Language Variations Part 2 – Spanish
The next language we are going to focus on for our language variations series is Spanish.
With over 400 million native speakers worldwide it is the 2nd largest native language in the world – don’t let this fool you into thinking that there is only one version though. Spanish is the official language in over 20 countries across the globe and even though you might expect there to be differences in the Spanish spoken around the world, there are also different variations spoken within Spain itself. Confused yet?
The rain in Spain
So, although the official language of Spain is Castilian Spanish – the official Spanish language and what most of us associate when we think of ‘Spanish’, there are also other languages that you may need to consider if you are looking at Spain as one of your target markets. You may also need to consider Basque, Catalan or Galician. Have you ever been to Barcelona – well the official language there is Catalan and although this region is located in Spain the language is significantly different with influences from French and Italic languages. For example, the verb ‘to speak’ in Spanish is ‘Hablar’ wheras in Catalan it is ‘Parlar’ similar to the French ‘Parler’ and Italian ‘Parlare’.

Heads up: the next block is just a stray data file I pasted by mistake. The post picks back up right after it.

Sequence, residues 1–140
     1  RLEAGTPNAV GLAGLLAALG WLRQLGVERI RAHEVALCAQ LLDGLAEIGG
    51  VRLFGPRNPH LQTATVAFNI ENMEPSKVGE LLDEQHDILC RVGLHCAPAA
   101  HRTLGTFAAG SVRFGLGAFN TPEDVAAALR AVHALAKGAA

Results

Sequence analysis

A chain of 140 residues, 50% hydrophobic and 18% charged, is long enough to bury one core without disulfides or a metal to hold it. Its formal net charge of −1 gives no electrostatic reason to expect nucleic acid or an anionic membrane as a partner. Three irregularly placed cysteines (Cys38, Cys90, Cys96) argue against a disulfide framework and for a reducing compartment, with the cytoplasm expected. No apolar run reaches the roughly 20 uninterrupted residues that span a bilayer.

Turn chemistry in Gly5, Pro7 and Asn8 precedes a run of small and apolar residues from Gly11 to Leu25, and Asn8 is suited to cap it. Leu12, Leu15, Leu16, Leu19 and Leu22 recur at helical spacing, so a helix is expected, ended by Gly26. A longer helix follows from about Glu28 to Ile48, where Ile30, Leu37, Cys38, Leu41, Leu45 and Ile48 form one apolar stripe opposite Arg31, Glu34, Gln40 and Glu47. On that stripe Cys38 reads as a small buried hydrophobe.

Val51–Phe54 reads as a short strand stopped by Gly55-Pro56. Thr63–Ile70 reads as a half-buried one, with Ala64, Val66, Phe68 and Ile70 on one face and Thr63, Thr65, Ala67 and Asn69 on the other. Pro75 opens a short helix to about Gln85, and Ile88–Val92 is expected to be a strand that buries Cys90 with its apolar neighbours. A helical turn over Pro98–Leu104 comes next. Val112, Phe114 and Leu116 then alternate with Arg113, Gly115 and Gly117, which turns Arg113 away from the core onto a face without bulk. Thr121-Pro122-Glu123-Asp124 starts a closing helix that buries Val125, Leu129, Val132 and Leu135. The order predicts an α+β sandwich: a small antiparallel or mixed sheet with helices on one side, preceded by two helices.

Spanish vs LA Spanish
The differences between European Spanish and Latin American Spanish are mainly down to pronunciation in the same way that a UK English person has different pronunciation to a US English person. The majority of words are the same however there are some differences and also some grammar differences. For example, a car in Spanish is a ‘coche’ whereas if you were in Latin America a ‘coche’ refers to a baby stroller. This is further complicated as there are differences between the various countries in Latin America. For example, a pen in Spain would be a ‘bolígrafo’, a ‘lápiz pasta’ in Chile and a ‘lapicera’ in Argentina.
What does this mean for me?
Choosing which variation of Spanish you need can be a minefield – do you go for Castilian or Latin American? Firstly you need to decide on where your target market is and who the translation is for. If it is one specific market, then this is straightforward however if you are targeting multiple markets within Spanish speaking locales then you need to assess the cost versus the impact of localising for every locale.
If this is something that you are considering speak to one of our project managers and they will be able to advise on the different options available.